Christer Pettersson, 57, whose conviction for the 1986 killing of Prime Minister Olof Palme was overturned on appeal, died Sept. 29 at a hospital near Stockholm. He had been in a coma since Sept. 16 and died of a brain hemorrhage and organ failure.
Mr. Pettersson was unconscious when he was admitted to the hospital with severe head injuries, a hospital spokeswoman said. It was unclear what caused the injuries. He underwent surgery but never regained consciousness.
A convicted criminal with a history of substance abuse, Mr. Pettersson was the only person tried in Palme's slaying after being identified by Palme's widow, Lisbet, as the killer.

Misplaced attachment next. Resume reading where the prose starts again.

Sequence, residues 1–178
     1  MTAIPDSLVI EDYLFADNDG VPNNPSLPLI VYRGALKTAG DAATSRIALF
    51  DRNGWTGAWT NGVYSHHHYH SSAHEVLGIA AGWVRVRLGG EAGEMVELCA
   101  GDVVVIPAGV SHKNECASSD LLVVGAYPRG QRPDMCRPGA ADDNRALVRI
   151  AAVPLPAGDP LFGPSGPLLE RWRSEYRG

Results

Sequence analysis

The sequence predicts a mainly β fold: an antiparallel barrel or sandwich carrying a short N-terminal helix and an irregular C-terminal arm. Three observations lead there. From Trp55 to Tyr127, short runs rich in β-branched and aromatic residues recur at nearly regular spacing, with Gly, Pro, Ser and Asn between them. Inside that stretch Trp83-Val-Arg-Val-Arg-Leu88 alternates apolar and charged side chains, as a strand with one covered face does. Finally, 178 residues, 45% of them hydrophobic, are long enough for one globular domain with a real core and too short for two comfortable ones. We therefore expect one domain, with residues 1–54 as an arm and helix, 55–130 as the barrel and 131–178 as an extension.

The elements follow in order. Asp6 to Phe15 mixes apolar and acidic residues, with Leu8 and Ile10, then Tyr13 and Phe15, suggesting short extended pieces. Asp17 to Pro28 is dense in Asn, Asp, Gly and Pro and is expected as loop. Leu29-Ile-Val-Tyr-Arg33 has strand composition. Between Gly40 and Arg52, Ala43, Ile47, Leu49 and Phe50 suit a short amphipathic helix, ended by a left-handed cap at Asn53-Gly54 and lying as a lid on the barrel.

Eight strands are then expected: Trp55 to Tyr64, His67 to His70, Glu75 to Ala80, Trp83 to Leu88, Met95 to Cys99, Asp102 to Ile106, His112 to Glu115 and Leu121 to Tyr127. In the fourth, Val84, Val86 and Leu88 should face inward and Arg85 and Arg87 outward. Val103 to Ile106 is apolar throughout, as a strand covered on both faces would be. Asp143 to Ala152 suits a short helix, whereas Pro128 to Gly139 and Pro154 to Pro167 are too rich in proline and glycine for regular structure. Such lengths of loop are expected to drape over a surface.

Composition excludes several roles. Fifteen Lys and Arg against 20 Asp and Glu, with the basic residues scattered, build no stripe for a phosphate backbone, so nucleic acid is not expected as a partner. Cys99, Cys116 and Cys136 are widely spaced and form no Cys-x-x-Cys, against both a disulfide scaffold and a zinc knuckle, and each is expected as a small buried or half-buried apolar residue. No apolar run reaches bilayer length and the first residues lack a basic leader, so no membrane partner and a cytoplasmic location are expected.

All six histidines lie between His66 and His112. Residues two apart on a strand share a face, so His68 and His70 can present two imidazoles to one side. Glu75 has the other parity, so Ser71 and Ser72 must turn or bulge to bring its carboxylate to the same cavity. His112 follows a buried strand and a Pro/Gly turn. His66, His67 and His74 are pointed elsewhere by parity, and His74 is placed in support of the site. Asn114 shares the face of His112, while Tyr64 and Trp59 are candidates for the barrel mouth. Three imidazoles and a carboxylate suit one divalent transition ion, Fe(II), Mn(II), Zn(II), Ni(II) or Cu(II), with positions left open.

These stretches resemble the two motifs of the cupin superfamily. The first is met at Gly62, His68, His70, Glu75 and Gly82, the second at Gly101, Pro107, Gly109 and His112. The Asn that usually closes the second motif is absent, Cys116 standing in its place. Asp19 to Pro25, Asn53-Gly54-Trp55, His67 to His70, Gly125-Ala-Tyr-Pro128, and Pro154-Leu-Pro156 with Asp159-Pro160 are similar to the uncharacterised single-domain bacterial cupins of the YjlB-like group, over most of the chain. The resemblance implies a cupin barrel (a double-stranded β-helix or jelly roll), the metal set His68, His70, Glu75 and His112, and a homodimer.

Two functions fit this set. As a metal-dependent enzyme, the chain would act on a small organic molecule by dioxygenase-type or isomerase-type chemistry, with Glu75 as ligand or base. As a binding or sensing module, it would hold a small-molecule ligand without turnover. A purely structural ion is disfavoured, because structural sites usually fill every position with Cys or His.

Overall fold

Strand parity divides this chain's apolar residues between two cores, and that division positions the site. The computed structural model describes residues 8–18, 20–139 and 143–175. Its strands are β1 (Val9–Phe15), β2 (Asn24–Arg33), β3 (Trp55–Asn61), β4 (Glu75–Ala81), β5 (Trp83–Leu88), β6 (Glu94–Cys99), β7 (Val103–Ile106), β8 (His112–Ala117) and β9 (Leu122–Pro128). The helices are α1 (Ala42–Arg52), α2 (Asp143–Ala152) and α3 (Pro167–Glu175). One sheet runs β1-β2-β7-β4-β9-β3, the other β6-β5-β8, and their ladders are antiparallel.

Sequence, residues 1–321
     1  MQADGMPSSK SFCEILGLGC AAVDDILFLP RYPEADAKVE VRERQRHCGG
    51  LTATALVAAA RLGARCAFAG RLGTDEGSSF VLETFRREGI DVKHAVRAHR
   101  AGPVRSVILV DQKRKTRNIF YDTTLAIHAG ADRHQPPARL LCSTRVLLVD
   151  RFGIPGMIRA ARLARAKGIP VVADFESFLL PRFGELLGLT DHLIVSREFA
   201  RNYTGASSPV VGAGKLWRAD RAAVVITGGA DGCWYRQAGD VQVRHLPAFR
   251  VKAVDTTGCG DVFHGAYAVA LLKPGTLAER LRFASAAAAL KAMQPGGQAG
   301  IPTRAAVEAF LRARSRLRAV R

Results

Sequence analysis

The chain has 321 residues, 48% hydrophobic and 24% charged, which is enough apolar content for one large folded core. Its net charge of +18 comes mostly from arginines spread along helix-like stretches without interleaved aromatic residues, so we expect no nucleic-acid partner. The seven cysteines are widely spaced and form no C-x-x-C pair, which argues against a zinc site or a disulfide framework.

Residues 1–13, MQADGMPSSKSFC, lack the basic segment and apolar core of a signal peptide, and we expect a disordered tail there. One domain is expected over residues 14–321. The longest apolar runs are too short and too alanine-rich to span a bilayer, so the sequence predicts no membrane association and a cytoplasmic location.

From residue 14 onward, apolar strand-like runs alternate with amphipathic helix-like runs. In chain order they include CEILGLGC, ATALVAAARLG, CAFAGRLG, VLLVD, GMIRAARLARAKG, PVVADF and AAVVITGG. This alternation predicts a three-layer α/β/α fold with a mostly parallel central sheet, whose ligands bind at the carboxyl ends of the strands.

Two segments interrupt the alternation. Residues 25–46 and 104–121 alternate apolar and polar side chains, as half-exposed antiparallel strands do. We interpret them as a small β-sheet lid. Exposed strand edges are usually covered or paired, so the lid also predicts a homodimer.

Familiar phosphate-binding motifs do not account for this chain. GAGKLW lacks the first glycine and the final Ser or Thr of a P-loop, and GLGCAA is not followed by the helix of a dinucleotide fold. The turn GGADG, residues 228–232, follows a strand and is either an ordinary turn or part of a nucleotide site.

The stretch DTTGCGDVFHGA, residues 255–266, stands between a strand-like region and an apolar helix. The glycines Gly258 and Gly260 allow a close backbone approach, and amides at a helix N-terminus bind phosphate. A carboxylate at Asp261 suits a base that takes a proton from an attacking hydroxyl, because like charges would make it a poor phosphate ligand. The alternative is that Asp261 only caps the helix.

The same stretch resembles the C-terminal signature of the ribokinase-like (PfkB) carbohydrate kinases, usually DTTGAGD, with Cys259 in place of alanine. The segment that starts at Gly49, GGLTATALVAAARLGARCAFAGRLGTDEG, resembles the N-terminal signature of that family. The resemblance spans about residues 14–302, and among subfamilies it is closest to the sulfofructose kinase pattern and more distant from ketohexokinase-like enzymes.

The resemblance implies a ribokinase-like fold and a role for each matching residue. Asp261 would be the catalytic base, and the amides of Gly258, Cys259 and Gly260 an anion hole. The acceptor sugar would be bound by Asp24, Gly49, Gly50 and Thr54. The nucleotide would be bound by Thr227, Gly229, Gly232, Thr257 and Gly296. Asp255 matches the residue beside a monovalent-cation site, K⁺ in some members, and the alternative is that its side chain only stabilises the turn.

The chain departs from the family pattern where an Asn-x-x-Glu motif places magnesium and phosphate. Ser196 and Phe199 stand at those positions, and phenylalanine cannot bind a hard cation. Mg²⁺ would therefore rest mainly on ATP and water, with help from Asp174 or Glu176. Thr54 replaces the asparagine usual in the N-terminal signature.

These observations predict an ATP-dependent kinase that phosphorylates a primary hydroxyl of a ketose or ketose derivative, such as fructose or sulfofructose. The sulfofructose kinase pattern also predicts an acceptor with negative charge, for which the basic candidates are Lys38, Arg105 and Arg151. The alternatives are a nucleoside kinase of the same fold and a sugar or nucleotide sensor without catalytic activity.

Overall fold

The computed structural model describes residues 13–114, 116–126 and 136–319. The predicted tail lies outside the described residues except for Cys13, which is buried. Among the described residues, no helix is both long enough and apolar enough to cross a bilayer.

Palme was gunned down in downtown Stockholm on Feb. 28, 1986, as he walked home from a movie theater with his wife. Palme had campaigned against the Vietnam War and South Africa's apartheid system.
Mr. Pettersson was convicted of Palme's killing in 1988 but was acquitted on appeal after police failed to find the weapon.
The killing, which stunned Sweden, remains unsolved.
In 2001, Mr. Pettersson admitted to a Swedish writer that he shot Palme. "Sure as hell it was me who shot [him], but they can never nail me for it. The weapon is gone," he said in an interview with Gert Fylking.
He later retracted the statement and said he was not involved in the killing.
In 1998, the Supreme Court rejected a prosecutor's appeal to retry Mr. Pettersson, ruling that the evidence was not strong enough despite claims that Mr. Pettersson could be placed at the scene of the shooting on a busy downtown Stockholm street.